Talk to your own tax adviser about that the next time you’re considering any purchase of capital equipment that might be available on a lease basis.

Diversify to keep cash flowing

This is an important strategy for any business subject to fluctuations in the economy. When you and your employees are idle, any work is better than no work at all. Offering any special services or products at prices that do not satisfy your usual parameters of profitability can make sense if they provide work and some cash inflow where there would otherwise be little or none.

Don’t be in a big hurry to pay your bills

There’s a good reason why checks are slow to come in from some people who owe you money. It’s because hanging on to cash as long as possible keeps that money available to draw interest or to work in the business of the person paying the bills.

That’s why you should set up a system that provides for paying bills only when they come due. It’s easy to do and is another rung on the ladder of professional cash management. However, don’t go overboard and jeopardize your credit standing by paying bills late. Pay your bills when they are due — not before, not after.

Also keep an eye on the state of postal deliveries during this uncertain time. If it seems that another delay in deliveries may be on the horizon, allow extra time for your credit card payments to arrive in time to avoid those oppressive late-payment fees.

Be aggressive about collecting accounts receivable

If you do any of your own billing, it’s important not to allow those receivables to go untended. You’ve earned that money, you have a right to it, and you need it. If your customers learn that you are cavalier about money owed to you, you can be certain they will stretch your patience (and your cash flow) to the limit.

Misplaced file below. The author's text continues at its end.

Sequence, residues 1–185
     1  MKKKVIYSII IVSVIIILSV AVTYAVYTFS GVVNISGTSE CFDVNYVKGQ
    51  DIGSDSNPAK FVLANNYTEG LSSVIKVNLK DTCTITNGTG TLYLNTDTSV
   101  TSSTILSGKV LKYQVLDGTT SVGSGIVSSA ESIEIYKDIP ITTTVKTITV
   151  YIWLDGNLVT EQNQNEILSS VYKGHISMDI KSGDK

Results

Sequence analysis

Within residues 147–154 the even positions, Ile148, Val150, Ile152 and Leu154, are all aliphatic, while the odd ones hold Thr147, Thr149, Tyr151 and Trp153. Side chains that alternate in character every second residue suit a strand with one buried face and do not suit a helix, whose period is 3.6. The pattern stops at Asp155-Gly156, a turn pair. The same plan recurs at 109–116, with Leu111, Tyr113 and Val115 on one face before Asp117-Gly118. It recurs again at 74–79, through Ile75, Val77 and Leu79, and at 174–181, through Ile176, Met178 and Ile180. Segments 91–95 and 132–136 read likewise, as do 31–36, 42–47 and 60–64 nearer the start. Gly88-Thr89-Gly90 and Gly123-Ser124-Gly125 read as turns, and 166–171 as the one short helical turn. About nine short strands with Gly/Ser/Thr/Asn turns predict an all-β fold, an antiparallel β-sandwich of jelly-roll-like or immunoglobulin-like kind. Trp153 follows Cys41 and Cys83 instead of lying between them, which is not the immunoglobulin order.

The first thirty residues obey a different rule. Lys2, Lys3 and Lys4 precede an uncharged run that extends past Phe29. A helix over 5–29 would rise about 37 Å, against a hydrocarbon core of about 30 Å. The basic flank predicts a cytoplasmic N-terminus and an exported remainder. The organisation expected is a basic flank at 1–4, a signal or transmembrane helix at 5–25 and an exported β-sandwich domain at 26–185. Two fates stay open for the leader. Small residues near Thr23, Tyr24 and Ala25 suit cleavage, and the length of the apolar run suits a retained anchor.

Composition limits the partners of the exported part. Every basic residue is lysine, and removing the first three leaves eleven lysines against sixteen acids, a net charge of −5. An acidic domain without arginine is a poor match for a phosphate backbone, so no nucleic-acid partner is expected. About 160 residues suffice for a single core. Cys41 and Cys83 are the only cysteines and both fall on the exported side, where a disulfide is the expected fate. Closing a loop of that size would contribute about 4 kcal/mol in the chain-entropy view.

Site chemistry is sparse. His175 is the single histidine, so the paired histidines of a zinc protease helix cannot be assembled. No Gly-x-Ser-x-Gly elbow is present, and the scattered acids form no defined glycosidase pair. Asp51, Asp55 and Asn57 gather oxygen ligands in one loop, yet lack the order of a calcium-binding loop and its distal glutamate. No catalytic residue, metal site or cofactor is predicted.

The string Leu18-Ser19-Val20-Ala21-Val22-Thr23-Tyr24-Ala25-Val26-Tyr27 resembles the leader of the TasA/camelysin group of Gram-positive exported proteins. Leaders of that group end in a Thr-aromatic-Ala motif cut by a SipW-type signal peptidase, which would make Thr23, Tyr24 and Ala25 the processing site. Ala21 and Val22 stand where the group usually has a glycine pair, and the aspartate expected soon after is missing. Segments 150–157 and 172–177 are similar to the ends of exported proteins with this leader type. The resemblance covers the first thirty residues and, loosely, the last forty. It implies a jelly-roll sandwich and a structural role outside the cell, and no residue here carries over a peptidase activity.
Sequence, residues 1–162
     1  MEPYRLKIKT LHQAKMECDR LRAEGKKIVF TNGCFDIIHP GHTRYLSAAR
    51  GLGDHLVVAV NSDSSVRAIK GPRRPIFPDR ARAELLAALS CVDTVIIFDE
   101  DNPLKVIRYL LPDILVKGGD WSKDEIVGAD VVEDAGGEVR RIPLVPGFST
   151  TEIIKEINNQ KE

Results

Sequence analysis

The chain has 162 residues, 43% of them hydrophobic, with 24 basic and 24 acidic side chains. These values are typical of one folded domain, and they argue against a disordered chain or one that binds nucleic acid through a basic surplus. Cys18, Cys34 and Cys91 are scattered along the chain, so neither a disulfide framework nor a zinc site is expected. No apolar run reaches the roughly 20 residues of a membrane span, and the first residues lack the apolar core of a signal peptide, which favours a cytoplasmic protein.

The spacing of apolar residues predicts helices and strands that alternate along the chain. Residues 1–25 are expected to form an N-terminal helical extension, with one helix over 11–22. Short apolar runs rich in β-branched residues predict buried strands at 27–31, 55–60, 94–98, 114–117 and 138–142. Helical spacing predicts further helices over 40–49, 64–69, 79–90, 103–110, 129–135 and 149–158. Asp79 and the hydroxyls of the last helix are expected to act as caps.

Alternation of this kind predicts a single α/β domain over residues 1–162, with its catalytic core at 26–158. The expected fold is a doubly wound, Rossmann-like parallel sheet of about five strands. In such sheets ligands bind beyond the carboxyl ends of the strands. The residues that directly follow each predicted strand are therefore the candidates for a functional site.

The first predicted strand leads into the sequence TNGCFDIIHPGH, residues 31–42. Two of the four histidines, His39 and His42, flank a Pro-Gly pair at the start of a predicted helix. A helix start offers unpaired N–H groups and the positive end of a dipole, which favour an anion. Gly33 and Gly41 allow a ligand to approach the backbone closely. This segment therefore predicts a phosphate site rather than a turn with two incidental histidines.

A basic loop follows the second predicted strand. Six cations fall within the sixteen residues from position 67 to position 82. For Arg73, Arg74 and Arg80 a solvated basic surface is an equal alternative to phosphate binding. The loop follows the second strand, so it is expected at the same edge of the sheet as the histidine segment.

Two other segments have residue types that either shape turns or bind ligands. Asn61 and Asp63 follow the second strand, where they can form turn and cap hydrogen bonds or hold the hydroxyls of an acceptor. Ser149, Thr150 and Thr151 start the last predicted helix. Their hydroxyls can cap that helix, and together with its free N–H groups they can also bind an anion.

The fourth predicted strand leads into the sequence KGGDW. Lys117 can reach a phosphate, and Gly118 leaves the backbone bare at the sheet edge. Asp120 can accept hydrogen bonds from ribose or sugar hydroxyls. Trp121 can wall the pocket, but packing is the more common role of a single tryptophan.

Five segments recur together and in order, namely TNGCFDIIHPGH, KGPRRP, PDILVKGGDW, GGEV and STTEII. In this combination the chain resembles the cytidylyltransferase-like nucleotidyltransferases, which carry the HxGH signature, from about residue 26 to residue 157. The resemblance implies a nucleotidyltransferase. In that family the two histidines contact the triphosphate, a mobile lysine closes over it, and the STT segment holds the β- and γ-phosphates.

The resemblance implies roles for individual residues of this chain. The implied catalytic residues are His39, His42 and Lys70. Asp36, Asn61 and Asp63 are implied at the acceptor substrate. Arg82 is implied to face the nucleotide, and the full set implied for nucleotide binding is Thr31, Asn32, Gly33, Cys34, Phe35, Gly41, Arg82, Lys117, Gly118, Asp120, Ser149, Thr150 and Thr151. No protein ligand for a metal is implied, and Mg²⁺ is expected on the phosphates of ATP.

Maintain a cash cushion

Whenever possible, keep enough cash in interest-bearing accounts to cover normal operating expenses for three to six months. There is nothing like the peace of mind and self-confidence that comes when you don’t have to sweat out next week’s payroll during a business slowdown. Also, remember that your cushion money is making money for you in those interest-bearing accounts.

Develop a personal relationship with your banker

Handling money is a banker’s job. Even if your operation is relatively small, it’s a good idea to have a personal relationship at the bank where you do business. Discuss your financial picture honestly with the manager of your local branch. You’ll get some good ideas and a favorable ear should you ever need a little financial help.

Let your computer help you manage your cash flow

Whether your business is large enough to make use of one of those heavyweight commercial software packages or whether you use Quicken or Money on a desktop PC, trust every aspect of your finances, including personal investments, to your computer. The financial reports and analyses that modern software can produce at the touch of a button can be vitally important tools for improving cash flow and bottom-line profits.

Even if your business is large enough to farm out your record keeping, consider putting your finances into one of the popular software packages designed for small business and personal finance. They are infinitely easier to use than they were as recently as a couple of years ago. More important, they will teach you in dramatic fashion how much you can benefit from a sensible cash management system.

Taken individually, good cash management techniques may seem inconsequential. However, when you blend them together in a consistent manner, they will form a significant and permanent contributor to your bottom line.

William Lynottis a former management consultant and corporate executive who writes about human interest, business, and financial topics for consumer and trade publications and is the author of Money: How to Make the Most of What You’ve Got. He can be reached